The thing is, Star Trek is a work of fiction. I know, I was bummed out too. But also, as far as anyone can see, one can’t even reach the speed of light, much less surpass it. So that’s that, right?
Well, maybe… This brings in the idea of wormholes, those wonderful tears in space and time. They allow a proposed starship to travel from one end of the universe to the other before light even ties its sneakers. You’d have to take some Enterprise-sized leaps in logic for wormholes to even exist, though.
First of all, despite scientists’ best efforts, it’s like really hard to rip a hole in reality, you guys. The universe seems really keen to stitch any evident holes back together within milliseconds of their appearance. But let’s pretend that’s not an issue.
So let’s pretend they can stay open, and be large enough for a starship to navigate through. Okay, yeah, you beat light particles to your destination… So, what? You can beat your brother to your grangran’s house if you take a shortcut on the back roads, but that doesn’t mean you arrive last Tuesday, does it? So it goes for beating the light to your destination.
Alright, so what about travelling to the future, you say? The above information pretty much proves that’s a possibility, right? Yup! The end!
Okay, not really. In order to get significantly ahead of everyone else in the time game, you have to approach the speed of light. That’s no mean feat. It would also take a long time to accelerate and decelerate, if you didn’t want to turn into a greasy splatter. Thus, much of the benefits of time travel would be negated.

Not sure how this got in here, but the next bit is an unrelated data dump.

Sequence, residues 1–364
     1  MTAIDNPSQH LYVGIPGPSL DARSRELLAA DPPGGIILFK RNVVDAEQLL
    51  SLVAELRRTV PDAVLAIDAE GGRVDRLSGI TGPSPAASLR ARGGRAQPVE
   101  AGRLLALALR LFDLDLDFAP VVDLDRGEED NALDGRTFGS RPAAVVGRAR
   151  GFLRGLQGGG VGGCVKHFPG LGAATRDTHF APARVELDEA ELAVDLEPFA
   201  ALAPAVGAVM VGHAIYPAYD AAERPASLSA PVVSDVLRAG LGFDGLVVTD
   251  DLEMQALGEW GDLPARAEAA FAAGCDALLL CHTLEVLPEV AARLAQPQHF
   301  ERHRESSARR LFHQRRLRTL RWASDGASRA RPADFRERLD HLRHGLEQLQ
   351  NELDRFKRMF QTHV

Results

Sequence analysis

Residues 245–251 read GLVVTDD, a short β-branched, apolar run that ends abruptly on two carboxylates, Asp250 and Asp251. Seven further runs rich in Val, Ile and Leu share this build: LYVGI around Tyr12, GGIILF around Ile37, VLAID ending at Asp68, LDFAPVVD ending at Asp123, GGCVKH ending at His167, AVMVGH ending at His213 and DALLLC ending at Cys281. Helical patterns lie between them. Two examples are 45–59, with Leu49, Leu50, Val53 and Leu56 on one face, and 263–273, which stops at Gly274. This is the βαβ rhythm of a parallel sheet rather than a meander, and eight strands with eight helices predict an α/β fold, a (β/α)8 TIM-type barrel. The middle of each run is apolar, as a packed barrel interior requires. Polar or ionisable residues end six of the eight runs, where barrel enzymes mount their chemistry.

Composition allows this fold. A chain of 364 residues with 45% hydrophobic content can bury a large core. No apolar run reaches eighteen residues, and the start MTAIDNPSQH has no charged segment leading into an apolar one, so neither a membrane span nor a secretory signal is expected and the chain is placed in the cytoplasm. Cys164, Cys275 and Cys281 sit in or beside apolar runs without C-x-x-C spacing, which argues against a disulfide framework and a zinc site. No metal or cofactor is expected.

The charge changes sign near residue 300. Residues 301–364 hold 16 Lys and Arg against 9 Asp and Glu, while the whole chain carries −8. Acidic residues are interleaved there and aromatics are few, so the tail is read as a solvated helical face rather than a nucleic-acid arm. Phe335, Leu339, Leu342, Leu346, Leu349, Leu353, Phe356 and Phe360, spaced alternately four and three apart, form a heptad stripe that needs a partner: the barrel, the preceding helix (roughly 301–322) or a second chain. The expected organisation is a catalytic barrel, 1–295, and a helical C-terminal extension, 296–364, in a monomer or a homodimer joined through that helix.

Speaking of benefits, what would you benefit, travelling to the future? You don’t know what the future holds, but you do know that everyone you ever knew and loved would be like, so totally dead. World War III could be raging, super-herpes could be spreading everywhere, a childlike megalomaniac that used to be a TV personality could be president… And there would be no way to return to the past, remember?
So the past might as well might not exist. We can “travel” to the future, but it’s really just like fast-forwarding. So just what the hell is time, then?
The bottom line is… time might not even exist.
It kind of makes sense if you stop to think about it. You exist now. The future doesn’t exist yet because it’s now. The past doesn’t exist anymore because the past is no longer now.
Everything you ever do in your life you do in the present. Sure, you have pictures and memories of your fifth birthday party, but only because those memories and pictures exist… wait for it… now. You don’t have memories or pictures of the future because the future doesn’t exist yet, simply because it’s not now yet.
It’s a somewhat complex thing for humans to wrap their head around. After all, nobody wants to think that the warm memories they have of the past are lost forever. That is at the very heart of time travel theory, I think: The drive to reconnect with the things in our lives that made a difference.
If there’s a lesson to be learned in all of this, it’s to live in the moment. Remember that the past can never be changed, and the future will never truly be here. All you have is now. Make the most of it… while you still have time.